How Does Your Practice Show Up Off the Mat? (April 2018)
Say you’ve been practicing for at least a year or more. You probably noticed you feel stronger physically, perhaps your flexibility has increased, and you are becoming better and better friends with your breath, too. But, the yoga journey is an internal path, more than anything. As you walk this path and continue to let it unfold, you discover a calmer mind, greater equanimity, and so much more.
Yoga for me began with the healing of my heart and mind. I came to the practice just barely escaping a very dark clinical depression where it was a win just to get out of bed at some point in the day (let alone the morning). I noticed the mental and stress-reducing influence of my yoga practice almost immediately. Over the past 12 years however, I’ve continued to grow in my practice and it evolved into so much more than even that mind-body-heart healing.
So, if you’ve just begun walking this path: welcome! And if you’ve been here for a few years or decades, welcome, again. Keep going. Dig deeper. It gets better! There is so much more yoga than asana, and living by the outlined philosophies of yoga is sure to change your life–it is meant to do that.
Here are some ways you can take your yoga practice off the mat.
How you treat yourself & others. The sage Patanjali outlined five Yamas (controls) within the first limb of yoga (asana is the third), as a guideline for living in harmony with society and the environment. First, there is the Yama of Ahimsa, translated as non-violence or non-harming (by the way, that applies to you, the animal kingdom, the planet, and pretty much everything). This is followed by Satya (truth), Aparigraha (non-grasping), Asteya (non-stealing), and Brahmacharya (non-excess).
If any of the yamas come into conflict–-say, if being honest would cause harm to another–-then it is said that Ahimsa should override all else as the other four Yamas are just an extension of Ahimsa.
This is just a tiny dip into Patanjali’s first limb of yoga. Other yogic schools outlined additional Yamas, but the general idea is that before inner peace can be sought, we must first live in right relationship with the world outside of us.
How you get through tough spots. We often first learn how to get through tough spots in life from our asana practice, using the breath. Where the breath goes, the mind follows. Ever notice that you held your breath in hard poses, or you’ve huffed and puffed when it got really challenging? Controlling the breath calms the mind and allows space to flow through with grace. Using this tool, we can not only get through tough postures and physical transitions, but tough life situations and transitions, too!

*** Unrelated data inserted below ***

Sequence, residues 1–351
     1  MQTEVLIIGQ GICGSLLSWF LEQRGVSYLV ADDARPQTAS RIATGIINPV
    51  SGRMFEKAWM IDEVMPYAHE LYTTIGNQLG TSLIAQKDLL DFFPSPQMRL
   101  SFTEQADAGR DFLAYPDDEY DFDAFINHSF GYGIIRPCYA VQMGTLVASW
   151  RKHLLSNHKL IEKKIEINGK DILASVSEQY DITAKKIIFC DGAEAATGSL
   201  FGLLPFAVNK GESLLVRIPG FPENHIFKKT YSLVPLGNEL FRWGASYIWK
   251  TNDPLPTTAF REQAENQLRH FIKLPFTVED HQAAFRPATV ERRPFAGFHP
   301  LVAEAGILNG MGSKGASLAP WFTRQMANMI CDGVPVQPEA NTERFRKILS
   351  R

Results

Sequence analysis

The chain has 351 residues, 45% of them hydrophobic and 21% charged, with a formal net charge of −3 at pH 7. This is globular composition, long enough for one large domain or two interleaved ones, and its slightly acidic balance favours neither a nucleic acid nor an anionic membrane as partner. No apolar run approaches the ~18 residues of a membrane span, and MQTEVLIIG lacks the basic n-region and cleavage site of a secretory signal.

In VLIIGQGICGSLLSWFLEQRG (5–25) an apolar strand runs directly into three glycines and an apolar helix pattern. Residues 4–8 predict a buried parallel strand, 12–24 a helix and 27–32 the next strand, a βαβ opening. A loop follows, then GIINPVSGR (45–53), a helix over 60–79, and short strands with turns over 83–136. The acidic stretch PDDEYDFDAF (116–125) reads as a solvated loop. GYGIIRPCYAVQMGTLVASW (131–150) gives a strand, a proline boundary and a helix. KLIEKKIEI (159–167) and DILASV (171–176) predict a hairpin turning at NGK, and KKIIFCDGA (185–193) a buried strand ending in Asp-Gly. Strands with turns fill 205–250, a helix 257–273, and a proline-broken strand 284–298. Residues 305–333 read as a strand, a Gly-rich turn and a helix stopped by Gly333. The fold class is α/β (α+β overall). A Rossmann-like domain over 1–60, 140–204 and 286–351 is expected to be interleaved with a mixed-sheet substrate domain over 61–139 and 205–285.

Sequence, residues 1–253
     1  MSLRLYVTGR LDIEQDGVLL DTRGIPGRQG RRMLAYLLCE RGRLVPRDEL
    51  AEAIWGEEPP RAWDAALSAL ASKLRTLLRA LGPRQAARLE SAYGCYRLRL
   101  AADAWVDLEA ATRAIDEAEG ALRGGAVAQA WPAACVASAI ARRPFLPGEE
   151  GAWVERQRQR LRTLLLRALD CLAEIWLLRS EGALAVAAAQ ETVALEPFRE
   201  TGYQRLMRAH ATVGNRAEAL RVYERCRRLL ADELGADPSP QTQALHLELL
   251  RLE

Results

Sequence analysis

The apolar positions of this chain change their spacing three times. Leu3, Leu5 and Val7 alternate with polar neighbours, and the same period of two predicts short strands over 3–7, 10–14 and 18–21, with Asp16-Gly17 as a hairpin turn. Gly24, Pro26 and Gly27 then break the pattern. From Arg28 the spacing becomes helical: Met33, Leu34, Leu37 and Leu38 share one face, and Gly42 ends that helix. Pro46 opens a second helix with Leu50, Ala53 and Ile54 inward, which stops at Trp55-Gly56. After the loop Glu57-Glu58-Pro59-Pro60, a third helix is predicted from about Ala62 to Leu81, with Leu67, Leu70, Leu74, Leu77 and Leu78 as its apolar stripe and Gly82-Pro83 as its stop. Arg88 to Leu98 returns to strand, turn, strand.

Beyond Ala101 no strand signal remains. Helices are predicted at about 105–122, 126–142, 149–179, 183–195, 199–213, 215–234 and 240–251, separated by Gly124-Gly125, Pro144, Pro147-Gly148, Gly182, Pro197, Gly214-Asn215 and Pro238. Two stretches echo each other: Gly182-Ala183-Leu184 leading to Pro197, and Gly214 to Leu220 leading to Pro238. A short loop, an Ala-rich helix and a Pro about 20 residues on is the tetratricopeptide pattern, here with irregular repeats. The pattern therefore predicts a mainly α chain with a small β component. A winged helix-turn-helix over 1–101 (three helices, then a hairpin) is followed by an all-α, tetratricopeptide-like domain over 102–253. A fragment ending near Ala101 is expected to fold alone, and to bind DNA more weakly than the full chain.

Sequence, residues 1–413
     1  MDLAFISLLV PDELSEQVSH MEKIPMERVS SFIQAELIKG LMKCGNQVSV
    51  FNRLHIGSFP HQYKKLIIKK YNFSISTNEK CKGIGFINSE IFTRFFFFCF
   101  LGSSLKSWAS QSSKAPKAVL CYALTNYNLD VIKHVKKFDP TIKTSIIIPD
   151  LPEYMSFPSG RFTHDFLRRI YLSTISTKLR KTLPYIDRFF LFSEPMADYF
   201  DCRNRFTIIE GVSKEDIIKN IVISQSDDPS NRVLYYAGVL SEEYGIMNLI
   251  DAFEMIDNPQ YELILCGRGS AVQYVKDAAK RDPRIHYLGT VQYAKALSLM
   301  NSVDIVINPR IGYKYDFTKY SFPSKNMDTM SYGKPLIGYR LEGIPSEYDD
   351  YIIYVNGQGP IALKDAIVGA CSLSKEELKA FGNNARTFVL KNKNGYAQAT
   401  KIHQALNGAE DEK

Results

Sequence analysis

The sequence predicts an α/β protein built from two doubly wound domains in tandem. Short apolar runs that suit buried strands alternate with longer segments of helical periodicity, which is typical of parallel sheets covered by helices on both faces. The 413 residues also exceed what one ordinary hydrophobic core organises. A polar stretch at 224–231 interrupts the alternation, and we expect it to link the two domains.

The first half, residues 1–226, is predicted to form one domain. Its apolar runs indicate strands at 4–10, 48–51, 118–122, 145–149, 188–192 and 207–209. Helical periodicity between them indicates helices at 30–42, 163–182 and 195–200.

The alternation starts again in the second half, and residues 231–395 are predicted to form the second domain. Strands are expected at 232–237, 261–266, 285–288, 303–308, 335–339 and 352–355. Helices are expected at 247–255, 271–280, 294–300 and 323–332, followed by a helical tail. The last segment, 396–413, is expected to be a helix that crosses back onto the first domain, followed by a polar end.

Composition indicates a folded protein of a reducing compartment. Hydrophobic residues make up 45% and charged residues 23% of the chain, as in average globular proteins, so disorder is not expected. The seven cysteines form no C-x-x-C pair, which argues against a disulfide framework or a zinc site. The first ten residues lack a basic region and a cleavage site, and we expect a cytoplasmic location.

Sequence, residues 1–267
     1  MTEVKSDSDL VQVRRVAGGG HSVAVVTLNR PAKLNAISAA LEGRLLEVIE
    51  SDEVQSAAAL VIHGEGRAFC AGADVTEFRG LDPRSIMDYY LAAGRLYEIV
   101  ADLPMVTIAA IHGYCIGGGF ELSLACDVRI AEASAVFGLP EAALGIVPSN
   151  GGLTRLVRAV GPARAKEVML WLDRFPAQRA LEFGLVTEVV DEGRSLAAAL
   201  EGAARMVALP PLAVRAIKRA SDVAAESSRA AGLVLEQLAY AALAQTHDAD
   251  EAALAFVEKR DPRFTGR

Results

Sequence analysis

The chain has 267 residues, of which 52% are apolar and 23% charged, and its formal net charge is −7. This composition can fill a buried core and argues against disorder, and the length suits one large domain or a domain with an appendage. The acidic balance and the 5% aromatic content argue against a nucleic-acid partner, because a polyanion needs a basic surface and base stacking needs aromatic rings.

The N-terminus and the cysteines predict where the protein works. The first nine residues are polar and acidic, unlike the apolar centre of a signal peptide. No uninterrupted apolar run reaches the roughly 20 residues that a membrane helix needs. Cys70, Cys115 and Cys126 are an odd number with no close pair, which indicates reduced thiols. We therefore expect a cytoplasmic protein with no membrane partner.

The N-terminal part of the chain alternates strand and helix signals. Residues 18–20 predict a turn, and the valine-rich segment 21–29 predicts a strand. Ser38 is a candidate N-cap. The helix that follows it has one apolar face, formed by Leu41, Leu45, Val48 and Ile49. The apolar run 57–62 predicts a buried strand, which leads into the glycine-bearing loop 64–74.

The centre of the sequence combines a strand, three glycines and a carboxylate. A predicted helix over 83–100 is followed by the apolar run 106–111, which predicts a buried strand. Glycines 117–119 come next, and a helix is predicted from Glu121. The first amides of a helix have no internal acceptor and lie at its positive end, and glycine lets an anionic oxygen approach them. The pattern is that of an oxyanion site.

Beyond breath, yoga offers its timeless philosophy. The Upanishads are one of the sacred books of Hinduism, though largely philosophical in nature and transcendent of religion. They are a collection of 12 books of ancient knowledge, poetry, and writings from several unknown and known authors from thousands of years ago. Essentially they are a compendium of philosophy and queries around understanding consciousness, enlightenment, the nature of God/Universe (in whatever way you connect with that concept), and getting through life.
One of my favorite Upanishads talks about the idea of allowing life to hit us like an eternal wave, letting it move through us as we anchor into equanimity, rather than resisting or being swept away. This brings us back to the concept that no matter what happens in life, our circumstances and challenges are temporary–our true, God-sourced nature is eternal.
Your zoomed-out outlook on life. Yoga asks us to expand our perspective from “Me” (ego) to “we” (universal) and, circling back to the last point, to realize that everything but the Divine will pass. Yes, this might sound familiar as the Bible talks about this: this, too, shall pass.
When we zoom out from the weight of our problems and nit-picked details of our life (which have their purpose because we live in modern times), we can relax a bit into the parts we cannot control and find greater peace amid the constant waves that lift and drop us.
The bigger picture is that we are part of this great ocean of consciousness and we are all trying our best. We can float when we surrender to that flow, rather than sink in resistance to nature. No matter how we fail or succeed it’s all temporary, just like the asanas in our bodies are temporary, and in the end all that matters is how we make our way through.
There are so many more ways to take your practice into your daily life, but these are a great start and a constant practice for all of us. I hope this was helpful and perhaps it might inspire you to live your practice more whole-heartedly. These teachings are timeless. Are there other ways youpractice yoga off your mat? Share below!